JACKSONVILLE, Fla. – With former South Carolina governor and UN ambassador Nikki Haley tossing her hat in the 2024 presidential ring, the questions naturally quickly began swirling around Florida Gov. Ron DeSantis, who has long been rumored as a possible presidential contender.
News4JAX asked DeSantis during a news conference in Jacksonville on Tuesday if he’d be following Haley and announcing his own bid for president.
“Wouldn’t you like to know,” DeSantis responded with a chuckle that elicited laughter and applause from the crowd.
He quickly moved on to the next question.
But DeSantis remains on the short list of those expected to challenge former president Donald Trump for the 2024 Republican nomination.
Expected to join Haley, 51, are DeSantis, former Vice President Mike Pence, former Secretary of State Mike Pompeo and Sen. Tim Scott of South Carolina.
Haley was the first to announce her candidacy Tuesday, delivering the news in a tweeted video that marked an about-face for the ex-Trump Cabinet official, who said two years ago that she wouldn’t challenge her former boss for the White House in 2024. But she changed her mind in recent months, citing, among other things, the country’s economic troubles and the need for “generational change,” a nod to the 76-year-old Trump’s age.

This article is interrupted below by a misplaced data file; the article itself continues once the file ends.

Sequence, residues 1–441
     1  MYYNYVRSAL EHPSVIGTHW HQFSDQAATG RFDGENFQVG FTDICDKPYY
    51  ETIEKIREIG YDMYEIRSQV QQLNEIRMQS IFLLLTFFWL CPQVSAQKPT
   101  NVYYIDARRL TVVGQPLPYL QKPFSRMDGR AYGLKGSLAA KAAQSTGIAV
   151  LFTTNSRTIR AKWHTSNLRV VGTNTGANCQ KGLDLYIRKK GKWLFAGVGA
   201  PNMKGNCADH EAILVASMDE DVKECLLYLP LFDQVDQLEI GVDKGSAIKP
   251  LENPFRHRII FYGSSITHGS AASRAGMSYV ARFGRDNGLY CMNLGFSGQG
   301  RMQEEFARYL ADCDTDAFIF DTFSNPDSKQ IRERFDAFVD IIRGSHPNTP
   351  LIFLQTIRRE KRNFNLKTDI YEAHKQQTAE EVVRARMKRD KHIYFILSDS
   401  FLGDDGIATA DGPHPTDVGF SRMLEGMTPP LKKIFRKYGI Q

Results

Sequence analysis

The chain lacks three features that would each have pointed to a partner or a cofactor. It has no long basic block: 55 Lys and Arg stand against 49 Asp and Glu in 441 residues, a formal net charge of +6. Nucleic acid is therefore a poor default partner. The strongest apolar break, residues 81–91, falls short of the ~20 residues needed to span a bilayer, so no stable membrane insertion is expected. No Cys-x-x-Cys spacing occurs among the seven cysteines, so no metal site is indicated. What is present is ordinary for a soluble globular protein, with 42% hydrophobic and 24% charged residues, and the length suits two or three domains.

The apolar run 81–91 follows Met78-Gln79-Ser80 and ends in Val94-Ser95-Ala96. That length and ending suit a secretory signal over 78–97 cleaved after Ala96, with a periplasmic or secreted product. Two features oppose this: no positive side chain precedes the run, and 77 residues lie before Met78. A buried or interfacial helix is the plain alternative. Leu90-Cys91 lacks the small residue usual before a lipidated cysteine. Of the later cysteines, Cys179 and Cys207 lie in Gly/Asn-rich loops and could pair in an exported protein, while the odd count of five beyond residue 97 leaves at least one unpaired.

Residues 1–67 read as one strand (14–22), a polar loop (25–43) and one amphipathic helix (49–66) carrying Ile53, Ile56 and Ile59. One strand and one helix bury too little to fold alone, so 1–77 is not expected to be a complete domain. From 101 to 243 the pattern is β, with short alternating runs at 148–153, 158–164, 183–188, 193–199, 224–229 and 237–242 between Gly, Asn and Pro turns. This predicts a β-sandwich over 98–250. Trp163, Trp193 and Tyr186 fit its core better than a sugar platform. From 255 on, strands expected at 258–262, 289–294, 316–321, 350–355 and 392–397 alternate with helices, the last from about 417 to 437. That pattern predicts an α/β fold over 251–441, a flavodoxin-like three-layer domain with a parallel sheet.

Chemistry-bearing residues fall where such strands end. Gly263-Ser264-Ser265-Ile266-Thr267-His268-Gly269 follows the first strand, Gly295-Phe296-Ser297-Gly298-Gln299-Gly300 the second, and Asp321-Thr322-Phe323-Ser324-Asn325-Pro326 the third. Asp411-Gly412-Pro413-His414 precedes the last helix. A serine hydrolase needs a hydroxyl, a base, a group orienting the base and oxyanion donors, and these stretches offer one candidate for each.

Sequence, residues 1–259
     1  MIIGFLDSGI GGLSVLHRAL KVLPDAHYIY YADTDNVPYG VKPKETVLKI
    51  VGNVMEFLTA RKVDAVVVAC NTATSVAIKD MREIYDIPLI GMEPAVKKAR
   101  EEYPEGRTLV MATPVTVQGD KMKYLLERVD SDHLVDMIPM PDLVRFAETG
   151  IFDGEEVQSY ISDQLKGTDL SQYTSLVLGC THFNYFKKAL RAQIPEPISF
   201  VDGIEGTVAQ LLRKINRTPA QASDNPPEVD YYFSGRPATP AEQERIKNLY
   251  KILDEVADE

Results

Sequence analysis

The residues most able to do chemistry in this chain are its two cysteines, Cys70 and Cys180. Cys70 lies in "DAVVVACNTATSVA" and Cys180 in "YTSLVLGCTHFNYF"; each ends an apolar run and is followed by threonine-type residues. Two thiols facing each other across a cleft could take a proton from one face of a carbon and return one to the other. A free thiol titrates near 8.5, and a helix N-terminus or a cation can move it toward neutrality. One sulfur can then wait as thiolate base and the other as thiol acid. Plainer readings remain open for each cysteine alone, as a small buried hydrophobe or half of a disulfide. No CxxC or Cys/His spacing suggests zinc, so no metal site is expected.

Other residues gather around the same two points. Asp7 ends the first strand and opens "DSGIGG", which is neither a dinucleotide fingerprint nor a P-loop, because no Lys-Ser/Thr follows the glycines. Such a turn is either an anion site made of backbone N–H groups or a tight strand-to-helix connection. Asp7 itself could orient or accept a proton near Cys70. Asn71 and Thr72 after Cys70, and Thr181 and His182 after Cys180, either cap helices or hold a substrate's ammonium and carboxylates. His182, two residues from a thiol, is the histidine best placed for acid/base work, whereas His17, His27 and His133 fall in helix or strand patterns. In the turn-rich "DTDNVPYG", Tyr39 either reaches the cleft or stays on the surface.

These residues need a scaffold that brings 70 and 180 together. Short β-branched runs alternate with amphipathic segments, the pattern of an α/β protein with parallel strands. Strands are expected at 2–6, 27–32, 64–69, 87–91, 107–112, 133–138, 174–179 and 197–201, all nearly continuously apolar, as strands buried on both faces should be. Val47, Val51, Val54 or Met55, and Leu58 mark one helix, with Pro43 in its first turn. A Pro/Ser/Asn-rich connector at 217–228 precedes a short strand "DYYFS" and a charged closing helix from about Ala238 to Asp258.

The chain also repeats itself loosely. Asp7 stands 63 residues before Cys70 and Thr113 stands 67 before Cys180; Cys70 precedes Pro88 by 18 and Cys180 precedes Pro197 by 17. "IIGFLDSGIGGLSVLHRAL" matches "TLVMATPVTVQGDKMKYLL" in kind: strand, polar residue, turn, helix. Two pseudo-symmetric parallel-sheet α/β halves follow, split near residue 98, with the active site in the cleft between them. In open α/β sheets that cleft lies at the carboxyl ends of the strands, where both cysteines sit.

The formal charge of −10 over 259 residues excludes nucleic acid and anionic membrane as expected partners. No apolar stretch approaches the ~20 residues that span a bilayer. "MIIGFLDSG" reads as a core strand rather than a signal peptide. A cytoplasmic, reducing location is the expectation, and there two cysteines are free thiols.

“You should know this about me. I don't put up with bullies. And when you kick back, it hurts them more if you're wearing heels,” Haley said. “I'm Nikki Haley, and I'm running for president.”
President Joe Biden has said he intends to seek reelection in 2024, stalling any jostling for the Democratic nomination.
There appears to be openness among Republicans to new leadership, according to a new poll from The Associated Press-NORC Center for Public Affairs Research. In an open-ended question asking Republicans to choose who they want to lead their party, a majority of Republicans didn’t choose either Trump or DeSantis, considered the former president’s top rival. But they also didn’t have a clear alternative in mind.
Eleven other politicians, including Haley, are named by just 1% of Republicans as their preferred leader.
Haley has regularly boasted about her track record of defying political expectations, saying, “I’ve never lost an election, and I’m not going to start now.”
If elected, Haley would be the nation’s first female president and the first U.S. president of Indian descent.
The daughter of Indian immigrants, Haley grew up enduring racist taunts in a small South Carolina town and has long referenced that impact on her personal and political arc.
In the three-and-a-half minute video, Haley referenced that past, saying she grew up “not Black, not white — I was different.”